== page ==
We have seen the blue tesseract in action: It was used by Odin in the 10th century to protect Norway (Thor: Dark World). The Red Skull and Arnim Zola used it to power super-weapons for HYDRA in World War II (Captain America: First Avenger). Howard Stark recovered it and researched it (Iron Man 2) and Nick Fury gave it to Eric Selvig so that he could discover how to tap its energy (Thor). The tesseract was used to open the portal to earth that allowed the Chitauri to begin their invasion (Avengers).
|What's the current rate for Aether?|
Now we can add the Orb to our collection. This purple jewel is really nasty. It eats up everything. Odin gave the Aether to The Collector because he didn't want two Infinity Stone in the same place. And yet The Collector is about to add the Orb to his collection and he already has the Aether. Of course it did not work out too well. This leads us to the man with all the Easter Eggs. . . .
When Guardians comes out on Blue Ray, I will be searching the background for object in the Collectors gallery. What was immediately visible were the following:
|When Nova Met Cosmo|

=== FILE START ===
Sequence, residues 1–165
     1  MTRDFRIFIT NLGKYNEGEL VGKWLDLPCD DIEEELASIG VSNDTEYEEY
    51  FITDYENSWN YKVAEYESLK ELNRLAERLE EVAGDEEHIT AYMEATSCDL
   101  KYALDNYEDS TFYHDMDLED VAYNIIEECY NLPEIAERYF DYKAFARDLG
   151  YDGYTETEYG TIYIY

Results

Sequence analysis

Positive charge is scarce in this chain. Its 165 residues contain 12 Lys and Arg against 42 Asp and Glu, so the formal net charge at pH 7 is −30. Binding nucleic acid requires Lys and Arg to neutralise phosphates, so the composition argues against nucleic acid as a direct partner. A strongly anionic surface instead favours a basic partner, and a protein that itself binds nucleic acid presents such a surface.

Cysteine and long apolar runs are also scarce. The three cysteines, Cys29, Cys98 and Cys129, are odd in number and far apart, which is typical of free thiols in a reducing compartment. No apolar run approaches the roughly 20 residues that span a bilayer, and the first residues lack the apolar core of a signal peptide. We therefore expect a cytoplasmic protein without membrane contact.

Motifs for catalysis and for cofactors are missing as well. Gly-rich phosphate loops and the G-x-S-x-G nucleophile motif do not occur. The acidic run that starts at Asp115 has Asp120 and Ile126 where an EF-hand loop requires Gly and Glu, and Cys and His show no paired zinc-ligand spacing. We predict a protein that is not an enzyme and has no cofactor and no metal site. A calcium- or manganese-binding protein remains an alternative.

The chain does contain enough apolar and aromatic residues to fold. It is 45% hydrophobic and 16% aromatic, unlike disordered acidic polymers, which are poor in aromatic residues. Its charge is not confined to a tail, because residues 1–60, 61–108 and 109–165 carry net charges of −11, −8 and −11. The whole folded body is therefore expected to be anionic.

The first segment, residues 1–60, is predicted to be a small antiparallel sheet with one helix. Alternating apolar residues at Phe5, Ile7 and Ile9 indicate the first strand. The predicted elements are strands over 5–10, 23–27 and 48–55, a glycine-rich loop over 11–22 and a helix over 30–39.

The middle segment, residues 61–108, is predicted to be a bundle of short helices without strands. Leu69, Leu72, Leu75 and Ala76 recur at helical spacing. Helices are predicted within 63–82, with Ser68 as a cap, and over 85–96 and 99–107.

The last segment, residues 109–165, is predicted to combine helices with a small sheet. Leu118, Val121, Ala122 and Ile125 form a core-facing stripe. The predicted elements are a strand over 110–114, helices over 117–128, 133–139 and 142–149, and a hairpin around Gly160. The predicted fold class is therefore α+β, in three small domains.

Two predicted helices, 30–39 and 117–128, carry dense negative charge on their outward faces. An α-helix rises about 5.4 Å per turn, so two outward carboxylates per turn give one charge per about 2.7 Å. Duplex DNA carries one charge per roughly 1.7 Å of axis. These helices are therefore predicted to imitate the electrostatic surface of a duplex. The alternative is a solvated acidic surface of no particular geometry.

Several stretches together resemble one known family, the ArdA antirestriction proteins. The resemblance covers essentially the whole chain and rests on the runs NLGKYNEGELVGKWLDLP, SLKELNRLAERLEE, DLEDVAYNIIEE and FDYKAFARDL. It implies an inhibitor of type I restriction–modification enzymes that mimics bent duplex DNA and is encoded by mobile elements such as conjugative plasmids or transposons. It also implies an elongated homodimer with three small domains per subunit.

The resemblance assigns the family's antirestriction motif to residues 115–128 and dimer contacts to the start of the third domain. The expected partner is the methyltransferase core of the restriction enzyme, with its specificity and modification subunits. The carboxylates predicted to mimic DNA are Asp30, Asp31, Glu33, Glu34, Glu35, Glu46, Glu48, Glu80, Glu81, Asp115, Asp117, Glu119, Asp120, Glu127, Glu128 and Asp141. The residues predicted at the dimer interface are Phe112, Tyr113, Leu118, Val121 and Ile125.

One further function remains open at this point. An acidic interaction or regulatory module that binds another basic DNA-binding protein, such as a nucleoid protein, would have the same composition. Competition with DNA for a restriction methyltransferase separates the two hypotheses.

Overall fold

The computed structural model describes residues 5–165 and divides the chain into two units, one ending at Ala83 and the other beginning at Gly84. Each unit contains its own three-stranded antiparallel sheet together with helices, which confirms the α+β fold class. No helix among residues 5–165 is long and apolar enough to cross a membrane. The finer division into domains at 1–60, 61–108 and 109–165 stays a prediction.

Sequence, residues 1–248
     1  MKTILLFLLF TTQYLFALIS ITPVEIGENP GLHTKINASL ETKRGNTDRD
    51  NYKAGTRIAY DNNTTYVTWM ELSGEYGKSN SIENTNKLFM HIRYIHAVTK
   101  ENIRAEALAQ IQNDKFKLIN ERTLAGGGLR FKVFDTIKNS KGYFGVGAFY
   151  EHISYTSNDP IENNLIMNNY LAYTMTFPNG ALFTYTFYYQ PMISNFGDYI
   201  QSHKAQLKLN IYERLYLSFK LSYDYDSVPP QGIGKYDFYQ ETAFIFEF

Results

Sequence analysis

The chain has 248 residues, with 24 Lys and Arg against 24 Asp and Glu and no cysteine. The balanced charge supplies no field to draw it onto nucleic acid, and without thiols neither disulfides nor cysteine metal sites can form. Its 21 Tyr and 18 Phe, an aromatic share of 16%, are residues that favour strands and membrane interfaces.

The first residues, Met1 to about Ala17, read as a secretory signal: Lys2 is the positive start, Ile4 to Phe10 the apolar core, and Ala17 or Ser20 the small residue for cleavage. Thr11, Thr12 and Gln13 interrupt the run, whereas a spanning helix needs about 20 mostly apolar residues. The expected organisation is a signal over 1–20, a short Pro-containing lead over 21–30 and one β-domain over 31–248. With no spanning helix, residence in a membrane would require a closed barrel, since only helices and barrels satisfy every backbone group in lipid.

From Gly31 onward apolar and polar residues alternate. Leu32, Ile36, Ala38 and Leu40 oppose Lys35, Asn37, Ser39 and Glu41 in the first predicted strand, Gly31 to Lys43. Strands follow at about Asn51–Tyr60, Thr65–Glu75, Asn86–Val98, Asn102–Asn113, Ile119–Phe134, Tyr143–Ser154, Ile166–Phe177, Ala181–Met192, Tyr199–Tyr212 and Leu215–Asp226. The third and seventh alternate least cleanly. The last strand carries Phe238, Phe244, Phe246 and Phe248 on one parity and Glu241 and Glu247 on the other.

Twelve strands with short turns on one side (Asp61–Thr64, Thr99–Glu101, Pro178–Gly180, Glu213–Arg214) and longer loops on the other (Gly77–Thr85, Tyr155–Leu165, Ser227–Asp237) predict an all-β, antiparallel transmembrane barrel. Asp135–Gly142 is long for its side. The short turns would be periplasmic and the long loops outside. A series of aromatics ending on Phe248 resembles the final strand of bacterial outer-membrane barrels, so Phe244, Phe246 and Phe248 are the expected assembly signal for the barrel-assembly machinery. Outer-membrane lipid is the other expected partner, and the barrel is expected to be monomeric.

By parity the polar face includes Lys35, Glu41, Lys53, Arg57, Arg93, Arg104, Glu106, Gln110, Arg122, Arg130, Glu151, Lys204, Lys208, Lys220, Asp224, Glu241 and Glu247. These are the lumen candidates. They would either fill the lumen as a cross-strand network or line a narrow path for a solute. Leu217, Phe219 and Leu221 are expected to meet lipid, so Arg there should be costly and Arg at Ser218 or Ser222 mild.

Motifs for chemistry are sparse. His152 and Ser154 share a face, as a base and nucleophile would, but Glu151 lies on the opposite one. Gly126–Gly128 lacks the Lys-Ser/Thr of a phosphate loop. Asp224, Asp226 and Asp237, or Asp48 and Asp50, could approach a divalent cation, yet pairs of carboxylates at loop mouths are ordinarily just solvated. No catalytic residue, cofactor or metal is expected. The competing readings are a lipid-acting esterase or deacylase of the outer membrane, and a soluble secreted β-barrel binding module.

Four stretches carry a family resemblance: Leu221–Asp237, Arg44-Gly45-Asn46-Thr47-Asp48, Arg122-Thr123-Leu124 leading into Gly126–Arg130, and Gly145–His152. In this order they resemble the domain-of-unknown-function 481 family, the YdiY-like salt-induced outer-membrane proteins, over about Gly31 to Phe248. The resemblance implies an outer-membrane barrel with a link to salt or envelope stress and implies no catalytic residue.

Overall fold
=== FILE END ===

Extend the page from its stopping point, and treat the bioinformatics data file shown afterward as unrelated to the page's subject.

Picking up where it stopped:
- a Dark Elf from Thor: Dark World. Carina is washing the window of his cage
- a Chitauri from the Avengers.
- Cosmo the Space Dog. That dog in the Russian space suit is a character in the 2008 GOTG comic book series. He originally appeared in volume four of Nova, issue 8. Cosmo was a Soviet space dog who got lost in space and ended up at Knowhere - the giant floating head in space. Cosmo developed psionic powers and made a living as the security chief of Knowhere. He was helped in his adventures by an Earthman named Richard Rider, also known as Nova who was given powers by the Nova Corps of the planet . . .
Howard was a misplaced native of Duckworld who fell through a cosmic nexus and landed on Earth. He was trapped in a world he never made. The comic book adventures of Howard were popular for its intelligent satire, humor, and relevant commentary. Howard even ran for president in 1976 and the character received write-in votes in the actual election.
The first Marvel movie ever released was Howard the Duck. It was released on August 1, 1986, exactly twenty-eight years prior to the release of the Guardians of the Galaxy. The Howard the Duck film had none of the wit of the comic book and the character was creepier that anyone intended. The 1986 film is justifiably regarded as one of the worst films ever made and George Lucas would probably prefer that that we all forget he had anything to do with it. Yet, he is probably prouder of Howard the Duck than he is with The Star Wars Holiday Special.